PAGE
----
Taiwan is undertaking an expensive upgrade of its defenses against the threat of Chinese invasion. The latest example of this upgrade is an order for nearly two billion dollars’ worth of American weapons. This purchase includes 135 SLAM-ER (Standoff Land Attack Missile - Expanded Response) missiles, eleven HIMARS (High Mobility Artillery Rocket System) rocket launchers and six MS-110 reconnaissance pods.
The AGM-84K SLAM-ER entered service in 2000. It is a 675 kg (1,487 pound) cruise missile with a range of 270 kilometers, a speed of 855 kilometers an hour and GPS/shape recognition guidance system that has proved very accurate. The target can be changed or mission aborted remotely by the pilot at any time. SLAM-ER costs nearly a million dollars each and has a 220 kg (500 pound) warhead based on the one used on the Tomahawk cruise missile. SLAM-ER is actually a scaled-up Harpoon anti-ship missile.
HIMARS rocket launcher vehicles fire GPS guided rockets at targets nearly a hundred kilometers distant. Half of the new order HIMARS using heavier trucks with armor added. These heavy trucks are normally used as wreckers for retrieving vehicles that get stuck. HIMARS can also fire larger, longer (300 kilometers) range ATACMS rockets. Each of these takes up an entire pod and each ATACMS carries 300 smaller bombs that can destroy armored vehicles or personnel. Also on order are 65 pods each with six GMLRS rockers and 90 pods with shorter range (and cheaper) practice rockets. The order also includes spares, maintenance equipment and technical support and training.
HIMARS is a cheaper and lighter version of the original MLRS (Multiple Launch Rocket System). HIMARS is a truck mounted launcher, with each vehicle carrying only one six rocket pod (instead of two in the original MLRS). The 12-ton truck can fit into a C-130 transport (unlike the 22-ton tracked MLRS vehicle). The first of the initial 900 HIMARS vehicles were issued to American combat units in 2004. The U.S. Army is using most of the HIMARS, with the marines getting the rest. A growing number of American allies have become export customers for HIMARS. The key to the combat success of HIMARS is its use of the 227mm diameter 309 kg (680 pound) GMLRS (guided multiple launch rocket system) GPS guided rocket.
GMLRS was first used in 2004. It currently has a range of 85 kilometers and the ability to land within meters of its intended target at any range. This is because of the GPS, plus a less accurate back up inertial guidance system, ability to find its target. Most users buy the rockets equipped with an 82 kg (180 pound) high explosive warhead. The next version of GMLRS will be more accurate and have a range of over a hundred kilometers.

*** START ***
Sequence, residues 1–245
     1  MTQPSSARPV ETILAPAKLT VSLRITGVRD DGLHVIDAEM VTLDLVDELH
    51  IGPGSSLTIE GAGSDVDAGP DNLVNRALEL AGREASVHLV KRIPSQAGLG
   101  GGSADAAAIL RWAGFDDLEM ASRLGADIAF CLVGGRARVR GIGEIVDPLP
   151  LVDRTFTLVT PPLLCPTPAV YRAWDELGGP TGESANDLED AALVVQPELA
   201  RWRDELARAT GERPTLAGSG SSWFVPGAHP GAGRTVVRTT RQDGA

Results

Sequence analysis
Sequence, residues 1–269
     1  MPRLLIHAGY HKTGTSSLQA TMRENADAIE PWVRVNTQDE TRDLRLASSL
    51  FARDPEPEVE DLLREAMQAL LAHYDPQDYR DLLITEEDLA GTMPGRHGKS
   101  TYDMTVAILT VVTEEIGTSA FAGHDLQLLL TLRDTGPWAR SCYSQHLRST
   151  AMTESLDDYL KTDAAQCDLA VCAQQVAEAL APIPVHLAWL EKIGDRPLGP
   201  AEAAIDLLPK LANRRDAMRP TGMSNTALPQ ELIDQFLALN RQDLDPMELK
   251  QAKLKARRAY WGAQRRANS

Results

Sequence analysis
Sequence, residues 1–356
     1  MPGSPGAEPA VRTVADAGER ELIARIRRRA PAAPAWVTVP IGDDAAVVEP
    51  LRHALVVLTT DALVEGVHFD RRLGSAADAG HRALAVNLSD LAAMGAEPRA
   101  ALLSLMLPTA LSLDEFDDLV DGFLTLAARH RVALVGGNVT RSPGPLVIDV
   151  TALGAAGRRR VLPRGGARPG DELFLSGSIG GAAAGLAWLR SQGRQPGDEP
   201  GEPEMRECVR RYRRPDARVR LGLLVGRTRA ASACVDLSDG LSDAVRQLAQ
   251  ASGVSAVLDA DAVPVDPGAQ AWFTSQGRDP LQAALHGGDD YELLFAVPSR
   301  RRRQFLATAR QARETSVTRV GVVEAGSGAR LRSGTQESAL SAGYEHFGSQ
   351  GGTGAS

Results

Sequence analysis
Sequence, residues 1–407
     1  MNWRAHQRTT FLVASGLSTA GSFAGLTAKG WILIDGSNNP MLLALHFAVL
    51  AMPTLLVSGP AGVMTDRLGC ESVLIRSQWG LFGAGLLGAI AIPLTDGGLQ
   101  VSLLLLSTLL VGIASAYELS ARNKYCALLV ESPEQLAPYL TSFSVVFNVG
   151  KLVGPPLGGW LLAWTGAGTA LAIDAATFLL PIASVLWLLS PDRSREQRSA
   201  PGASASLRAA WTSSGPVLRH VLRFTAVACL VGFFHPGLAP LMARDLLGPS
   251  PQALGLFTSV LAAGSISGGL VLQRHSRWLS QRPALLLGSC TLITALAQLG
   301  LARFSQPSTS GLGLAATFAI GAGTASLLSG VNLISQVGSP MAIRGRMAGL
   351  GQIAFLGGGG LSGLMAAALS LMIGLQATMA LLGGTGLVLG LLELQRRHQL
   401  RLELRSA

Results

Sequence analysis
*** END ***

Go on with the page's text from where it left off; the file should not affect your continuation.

The U.S. Army has bought over 100,000 GMLRS rockets so far, and this weapon has been used with great success in Iraq, Syria and Afghanistan. The guided rocket is, obviously, much more effective than the older, unguided, version and has replaced it.
Perhaps the most useful item ordered are the MS-110 reconnaissance pods. These are digital high-resolution multi-spectral camera pods usually carried by a jet fighter (in this case, F-16s). These pods look like a large, streamlined bomb and use digital cameras to photograph large areas in high resolution and in Multispectral Imaging. This means the high-resolution digital photos are not only in color but also capture data across seven bands of the electromagnetic spectrum. This includes items visible and invisible (to the human eye) and make it difficult to use camouflage to hide things as well as electronic signals. This type of camera is superior to film cameras because no film development is required and digital images are more easily analyzed using software, rather than depending mostly on human photo interpreters. The infrared (heat) sensor of the MS-110 can record everything in the aircraft's flight path, horizon-to-horizon. This means the pod can be carried on an F-16 flying just outside of Chinese territorial waters (that extend 22 kilometers from the coast) and photograph Chinese territory more than 300 kilometers inland, The pod records many gigabytes of data to onboard storage devices and can also transmit less detailed data immediately to a ground station. The pilot can also see what the pod sees, using one of the cockpit displays. Although similar to targeting pods, the recon pods are designed to also take high resolution pictures of large swaths of terrain below, even as the aircraft moves along at 15 kilometers a minute.